This weekend’s Juneteenth celebration has more meaning of freedom for African Americans than July 4th. Yes, we became free of the tyranny of the British monarchy on July 4. But we weren’t yet free from our own tyranny of slavery. Juneteenth, marks the reading on June 19, 1865, of the Emancipation Proclamation by President Abraham Lincoln, and the official ending of slavery in the United States. It wasn’t the end of the fight – which lasted over another 100 years – but it was definitely the beginning.
Local Juneteenth festivities will be at Eden Park. And, revelers will celebrate with music and several symbolic foods. In my opinion, the food event not-to-miss at this year’s Juneteenth, will be the 10:30 AM Sweet Potato Pie bakeoff, won in years past by Roper’s Restaurant in Bond Hill. But please, bakers, don’t forget the cloves! In addition to barbecue, smothered and fried chicken, and collard greens, the most common thing you’ll see at Juneteenth is the drinking of red drinks. And millions of African Americans across the country will also be drinking ‘liquid soul’ as they celebrate this holiday, many not knowing the ties back to West Africa.
But why are red drinks so popular at Juneteenth celebrations? Historically speaking, and according to leading Soul Food Historian, and James Beard Award Winning writer, Adrian Miller, it all goes back to West Africa, the cradle of slavery. There, red drinks often mark a special occasion. Enslaved West Africans brought over the same customary social “punch” with them to the American and Carribean South. There are two such red drinks that hail from West Africa – Hibiscus tea and kola nut tea.
Hibiscus is native to West Africa, and its flower petals are used to make a tea called bissap – a hospitality drink that’s still popular in several countries today. As late as the 1700s, enslaved West Africans cultivated this plant in Jamaica. Over time, hibiscus tea spread throughout the Caribbean and Latin America with enslaved and their descendants, where it is known today as Agua de Jamaica, or Jamaica water. This is why you can typically find hibiscus tea at taco places like Mazunte in Madisonville.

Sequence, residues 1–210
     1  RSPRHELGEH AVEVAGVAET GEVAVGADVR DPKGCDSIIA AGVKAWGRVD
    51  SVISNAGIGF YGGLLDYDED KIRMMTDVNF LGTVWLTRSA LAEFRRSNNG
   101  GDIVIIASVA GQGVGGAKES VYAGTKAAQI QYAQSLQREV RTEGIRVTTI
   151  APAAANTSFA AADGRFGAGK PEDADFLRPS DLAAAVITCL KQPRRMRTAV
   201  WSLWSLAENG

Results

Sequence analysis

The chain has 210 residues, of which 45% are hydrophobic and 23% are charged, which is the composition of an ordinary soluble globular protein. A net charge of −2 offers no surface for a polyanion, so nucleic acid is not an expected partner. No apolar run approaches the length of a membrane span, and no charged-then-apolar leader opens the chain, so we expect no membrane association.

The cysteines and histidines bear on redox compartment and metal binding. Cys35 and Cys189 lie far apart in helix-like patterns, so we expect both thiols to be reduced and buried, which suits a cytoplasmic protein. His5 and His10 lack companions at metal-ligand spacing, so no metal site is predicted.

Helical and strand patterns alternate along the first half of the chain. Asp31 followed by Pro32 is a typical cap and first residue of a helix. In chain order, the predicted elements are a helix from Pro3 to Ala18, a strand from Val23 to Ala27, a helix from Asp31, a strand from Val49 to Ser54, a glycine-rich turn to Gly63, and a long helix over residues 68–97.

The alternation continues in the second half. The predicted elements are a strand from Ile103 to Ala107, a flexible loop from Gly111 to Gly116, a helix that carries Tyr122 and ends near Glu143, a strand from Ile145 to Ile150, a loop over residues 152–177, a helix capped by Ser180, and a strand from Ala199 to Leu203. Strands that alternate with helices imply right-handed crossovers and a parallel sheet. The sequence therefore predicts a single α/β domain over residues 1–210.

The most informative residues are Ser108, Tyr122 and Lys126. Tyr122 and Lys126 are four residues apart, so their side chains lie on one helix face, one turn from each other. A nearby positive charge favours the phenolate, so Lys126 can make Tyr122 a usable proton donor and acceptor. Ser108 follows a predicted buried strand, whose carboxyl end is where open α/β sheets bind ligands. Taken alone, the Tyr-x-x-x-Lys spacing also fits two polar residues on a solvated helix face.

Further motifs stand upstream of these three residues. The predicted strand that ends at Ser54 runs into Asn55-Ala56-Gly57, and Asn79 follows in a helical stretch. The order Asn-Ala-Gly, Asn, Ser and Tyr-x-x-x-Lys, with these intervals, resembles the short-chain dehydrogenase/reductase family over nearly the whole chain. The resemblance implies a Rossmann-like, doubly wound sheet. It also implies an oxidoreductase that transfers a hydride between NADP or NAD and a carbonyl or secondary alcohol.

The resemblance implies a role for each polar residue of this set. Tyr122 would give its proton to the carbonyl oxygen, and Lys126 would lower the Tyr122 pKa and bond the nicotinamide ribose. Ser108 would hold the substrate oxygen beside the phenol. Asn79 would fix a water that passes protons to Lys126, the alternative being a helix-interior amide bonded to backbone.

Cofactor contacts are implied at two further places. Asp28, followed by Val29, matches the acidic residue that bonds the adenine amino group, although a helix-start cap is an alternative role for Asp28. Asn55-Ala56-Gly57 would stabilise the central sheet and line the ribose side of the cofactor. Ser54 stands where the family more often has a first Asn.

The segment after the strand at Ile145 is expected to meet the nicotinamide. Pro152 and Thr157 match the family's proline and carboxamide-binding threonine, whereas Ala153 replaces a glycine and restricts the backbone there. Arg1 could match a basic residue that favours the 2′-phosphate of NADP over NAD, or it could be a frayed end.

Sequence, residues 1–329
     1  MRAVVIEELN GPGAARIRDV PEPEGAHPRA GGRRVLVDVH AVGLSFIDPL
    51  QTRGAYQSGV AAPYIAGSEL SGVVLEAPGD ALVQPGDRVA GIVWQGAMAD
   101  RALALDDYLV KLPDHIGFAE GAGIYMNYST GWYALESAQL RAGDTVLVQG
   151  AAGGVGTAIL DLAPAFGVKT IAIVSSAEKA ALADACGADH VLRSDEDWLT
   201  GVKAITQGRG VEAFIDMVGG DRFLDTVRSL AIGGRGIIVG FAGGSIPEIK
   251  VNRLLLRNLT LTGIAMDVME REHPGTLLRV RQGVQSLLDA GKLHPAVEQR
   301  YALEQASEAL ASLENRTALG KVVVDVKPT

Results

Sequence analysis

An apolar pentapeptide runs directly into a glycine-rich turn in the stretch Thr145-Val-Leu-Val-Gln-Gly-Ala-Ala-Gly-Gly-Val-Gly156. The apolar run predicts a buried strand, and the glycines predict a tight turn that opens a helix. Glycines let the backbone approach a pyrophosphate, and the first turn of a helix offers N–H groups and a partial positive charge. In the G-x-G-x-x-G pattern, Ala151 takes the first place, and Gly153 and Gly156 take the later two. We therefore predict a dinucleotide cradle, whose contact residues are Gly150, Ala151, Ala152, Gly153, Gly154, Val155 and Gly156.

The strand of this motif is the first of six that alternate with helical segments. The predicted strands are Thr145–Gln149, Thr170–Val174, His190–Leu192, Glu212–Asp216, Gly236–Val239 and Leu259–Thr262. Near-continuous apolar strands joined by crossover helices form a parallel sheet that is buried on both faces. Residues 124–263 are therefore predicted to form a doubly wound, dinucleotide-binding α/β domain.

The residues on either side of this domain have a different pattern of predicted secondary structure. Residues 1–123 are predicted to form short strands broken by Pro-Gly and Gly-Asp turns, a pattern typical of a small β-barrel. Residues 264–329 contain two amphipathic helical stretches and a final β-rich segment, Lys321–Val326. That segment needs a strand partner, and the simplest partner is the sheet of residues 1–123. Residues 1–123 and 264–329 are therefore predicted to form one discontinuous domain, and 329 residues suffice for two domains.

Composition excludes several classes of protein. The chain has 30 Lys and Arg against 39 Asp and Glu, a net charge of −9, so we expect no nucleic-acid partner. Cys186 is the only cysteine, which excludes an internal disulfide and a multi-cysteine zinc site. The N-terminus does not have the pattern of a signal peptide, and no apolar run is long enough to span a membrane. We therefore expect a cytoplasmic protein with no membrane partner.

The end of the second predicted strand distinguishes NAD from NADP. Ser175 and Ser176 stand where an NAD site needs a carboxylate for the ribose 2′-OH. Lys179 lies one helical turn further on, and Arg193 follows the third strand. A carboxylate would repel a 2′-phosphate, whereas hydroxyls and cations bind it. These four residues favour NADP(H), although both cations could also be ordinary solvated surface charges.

Kola nut tea, was also a red drink and used in West Africa as a sign of hospitality. Sometimes guests got the nuts to chew on and buzz on (they contained a stimulant). Enslaved West Africans also brought the kola nuts with them across the Atlantic to Caribbean plantations where they were used as supposed energy drinks. Atlanta pharmacist John Stythe Pemberton used the kola nut in his original ‘medicinal’ Coca-Cola formula, along with coca leaf (from which a small amount of cocaine was present).
At early Juneteenth celebrations in the 1870s and 1880s, the red drink of choice was red lemonade, made with either cherries, crushed strawberries, or food coloring. Then the favored punch transitioned to red soda pop, when carbonated beverages became more readily available. In the 1920s, powdered drinks became the faves, with the invention of Poly-pop and Kool-Aid. Then, these red drinks moved out of just the Juneteenth celebrations into African American homes and soul-food restaurants, as a bookend of soul food. Derogatory slang terms like ‘jungle juice’ and ‘ghetto pop’ became synonymous with any sweetened red drink, some even making it into hip hop and rap songs.
The custom of red drinks and foods at Juneteenth is their symbol of ingenuity and resilience in bondage. Some have also linked the symbolism to the blood shed throughout the institution of slavery. And of course, there are regional alliances to certain red pops. Red Pop is the drink of choice at Texas Juneteenths. Faygo is the way to go in Detroit. Nesbitt’s Strawberry soda is another popular red drink. And, in Cincinnati, it’s probably our own created-here Barq’s Red Pop.
It’s important to remember the red pop tie back to West Africa and it’s symbolism for this American celebration of Juneteenth.